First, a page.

Now that the snow has melted and spring has finally arrived, we are beginning to enter the final stretch of work here in Augusta. Legislative committees are hard at work sifting through more than 2,000 bills with a deadline of May 10 to vote on all bills. To accommodate this deadline, the presiding officers have waived the two-week public advertising requirement, which allows committees to hold public hearings on any bills in their possession at any time.
If you are interested in following the work of a particular committee, the best way to follow along is through the calendar function of the legislative website. If you are interested in weighing in on a particular piece of legislation, there is now an online form that may be used to submit testimony. The submission form may only be used on the day of the public hearing. If that doesn’t work for you, you may still email your testimony to the committee clerk or contact my office for assistance at 287-1505.
This session, in addition to serving as Republican leader in the Maine Senate, I also serve as the sole Republican senator on the Marine Resources Committee. Considering how crucial the subject matter brought before this committee is to our region, I am very happy to have the opportunity to serve in this capacity.
While the volume of bills before the Marine Resources Committee tends to be lighter than some other committees, the proposals have a major impact on Maine’s fisheries, which play a vital role in the success of our economy as a state.
Topics up for discussion this session include lobster licensing requirements, the creation of an apprentice license for commercial scallop fishing, commercial elver fishing quotas, and the impacts of climate change on Maine’s marine species.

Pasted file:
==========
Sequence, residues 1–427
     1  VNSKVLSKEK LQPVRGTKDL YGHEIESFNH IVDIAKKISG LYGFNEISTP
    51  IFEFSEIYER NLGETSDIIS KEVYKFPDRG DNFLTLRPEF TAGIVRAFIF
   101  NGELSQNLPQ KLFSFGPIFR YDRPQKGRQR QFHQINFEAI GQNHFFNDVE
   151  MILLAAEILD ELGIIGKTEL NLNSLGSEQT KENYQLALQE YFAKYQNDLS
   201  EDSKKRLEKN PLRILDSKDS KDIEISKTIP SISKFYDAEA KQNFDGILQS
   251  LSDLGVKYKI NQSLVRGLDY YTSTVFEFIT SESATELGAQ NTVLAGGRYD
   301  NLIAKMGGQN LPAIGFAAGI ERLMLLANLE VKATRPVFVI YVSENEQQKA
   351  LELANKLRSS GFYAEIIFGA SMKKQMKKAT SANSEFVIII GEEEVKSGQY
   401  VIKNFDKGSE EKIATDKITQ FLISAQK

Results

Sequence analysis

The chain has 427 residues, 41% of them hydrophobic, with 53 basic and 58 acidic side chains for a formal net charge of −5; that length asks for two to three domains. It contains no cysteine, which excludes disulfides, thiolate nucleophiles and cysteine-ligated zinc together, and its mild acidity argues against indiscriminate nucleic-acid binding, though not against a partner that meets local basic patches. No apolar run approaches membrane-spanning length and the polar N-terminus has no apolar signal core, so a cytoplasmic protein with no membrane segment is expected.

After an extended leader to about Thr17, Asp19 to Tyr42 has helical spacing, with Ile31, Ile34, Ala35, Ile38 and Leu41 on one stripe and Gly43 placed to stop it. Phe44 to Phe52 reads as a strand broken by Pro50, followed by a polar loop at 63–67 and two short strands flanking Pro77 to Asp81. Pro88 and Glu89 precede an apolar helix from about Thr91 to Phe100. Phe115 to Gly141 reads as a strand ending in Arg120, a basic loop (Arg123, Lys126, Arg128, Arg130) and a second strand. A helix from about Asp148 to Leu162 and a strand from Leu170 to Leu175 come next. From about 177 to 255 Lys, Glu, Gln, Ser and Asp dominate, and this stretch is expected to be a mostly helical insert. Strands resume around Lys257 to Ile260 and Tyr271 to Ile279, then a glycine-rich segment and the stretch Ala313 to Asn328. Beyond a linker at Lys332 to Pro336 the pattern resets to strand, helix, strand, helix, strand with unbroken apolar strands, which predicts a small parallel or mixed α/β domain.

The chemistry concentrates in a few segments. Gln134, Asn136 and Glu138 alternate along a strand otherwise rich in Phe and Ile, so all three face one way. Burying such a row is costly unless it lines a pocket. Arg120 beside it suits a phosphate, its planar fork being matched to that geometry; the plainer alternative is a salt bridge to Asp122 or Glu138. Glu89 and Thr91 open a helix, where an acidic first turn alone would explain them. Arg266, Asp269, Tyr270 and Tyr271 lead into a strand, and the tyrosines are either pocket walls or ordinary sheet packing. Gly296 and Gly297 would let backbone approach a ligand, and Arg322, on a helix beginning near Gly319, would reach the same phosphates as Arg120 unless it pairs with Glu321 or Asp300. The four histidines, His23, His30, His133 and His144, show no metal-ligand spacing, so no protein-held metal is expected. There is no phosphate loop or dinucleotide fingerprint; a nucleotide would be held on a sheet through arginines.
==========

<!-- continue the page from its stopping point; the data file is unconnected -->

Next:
Outside of the Marine Resources Committee, I have been hard at work defending Maine’s economy against nearly 50 bills that I think have the potential to do some serious harm.
Among them are a number of unnecessary tax increases on a whole host of goods, including heating fuel (1% tax), gasoline (6.5-cent increase), wine (66.6% increase), and beer (21% increase).
Considering that we began the session with more than $120 million in the checking account and nearly $300 million in the savings account, we should be looking for ways to decrease our tax burden and become more competitive with other New England states.
Maine people already pay more than their fair share of taxes; we have the dubious reputation of having the third-highest tax burden in the country. Because of this, it’s difficult to attract young families, professionals, and businesses that we so desperately need to locate in our great state.
In addition to unnecessary tax increases, the $8 billion budget fails to set priorities and spends nearly every penny to our name. In spite of Gov. Mills’ promise not to increase taxes, her budget relies on one-time funding sources that will result in tax increases down the line.
It’s true that Maine is a very special place, but as long as we embrace the tax-and-spend mentality, our working-age population will continue to decline, especially in northern and rural areas.
This is only a small sampling of subject matter that will be considered this year by the 129th Maine Legislature. I take great pleasure in having the opportunity to serve the people of Senate District 13 in Augusta once more, so thank you for entrusting me with your support.
If you have any questions about a specific bill before the Legislature, or you just want to chat, please feel free to call my office at 287-1505.
(Sen. Dana Dow, R-Waldoboro, represents all of Lincoln County except Dresden, plus Washington and Windsor. He serves as Senate minority leader and sits on the Marine Resources Committee.)